Why double Olympic champion O’Callaghan didn’t compete in Berlin 1936

Published in 20th-century / Contemporary History, Features, Issue 4 (July/August 2012), Volume 20

Double Olympic hammer champion (1928 and 1932) Pat O’Callaghan—in Berlin in 1936 he was a spectator. (Tipperary County Museum)

Double Olympic hammer champion (1928 and 1932) Pat O’Callaghan—in Berlin in 1936 he was a spectator. (Tipperary County Museum)

When hammer-thrower Pat O’Callaghan returned from Amsterdam in 1928 as the first Olympic champion from an Irish state, he declared: ‘I am glad of my victory, not of the victory itself, but for the fact that the world has been shown that Ireland has a flag, that Ireland has a national anthem, and in fact that we have a nationality’.
In its time, this was an apt expression of the meaning of an international sporting presence to the emerging nation. His words expressed the national aspiration to true independence, while revealing the uncertainty of its reality. O’Callaghan retained his title in 1932, just an hour after Bobby Tisdall from Tipperary won gold in the 400m hurdles. But in Berlin in 1936 he was a spectator, barred from participation owing to the expulsion of his association, the NACA, from the IAAF. His career had fallen victim to what became known nationally as ‘the split’, the fragmentation and isolation of Irish athletics through the first five decades of the Irish state.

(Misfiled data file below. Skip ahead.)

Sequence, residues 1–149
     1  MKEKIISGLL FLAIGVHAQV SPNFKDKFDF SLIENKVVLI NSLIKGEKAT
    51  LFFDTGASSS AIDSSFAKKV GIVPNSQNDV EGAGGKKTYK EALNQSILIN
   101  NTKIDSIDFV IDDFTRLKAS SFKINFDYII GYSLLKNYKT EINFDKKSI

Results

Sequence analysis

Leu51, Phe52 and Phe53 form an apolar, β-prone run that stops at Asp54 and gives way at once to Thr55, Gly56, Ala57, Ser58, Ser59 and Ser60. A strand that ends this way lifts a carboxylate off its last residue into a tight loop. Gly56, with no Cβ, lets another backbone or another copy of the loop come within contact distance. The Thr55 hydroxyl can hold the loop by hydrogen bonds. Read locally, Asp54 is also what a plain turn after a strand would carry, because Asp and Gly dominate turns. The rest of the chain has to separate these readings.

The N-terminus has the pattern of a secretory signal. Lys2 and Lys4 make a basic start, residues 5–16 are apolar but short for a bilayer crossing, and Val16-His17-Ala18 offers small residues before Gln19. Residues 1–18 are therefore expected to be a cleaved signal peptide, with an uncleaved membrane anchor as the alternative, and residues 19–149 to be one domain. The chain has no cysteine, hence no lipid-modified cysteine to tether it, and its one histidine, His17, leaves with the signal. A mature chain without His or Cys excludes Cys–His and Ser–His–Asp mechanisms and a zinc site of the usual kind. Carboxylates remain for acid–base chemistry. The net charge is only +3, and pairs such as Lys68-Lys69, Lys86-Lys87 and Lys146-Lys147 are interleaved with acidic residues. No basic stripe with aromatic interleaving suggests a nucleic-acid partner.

'


Copyright © 2019 History Publications Ltd, Unit 9, 78 Furze Road, Sandyford, Dublin 18, Ireland | Tel. +353-1-293 3568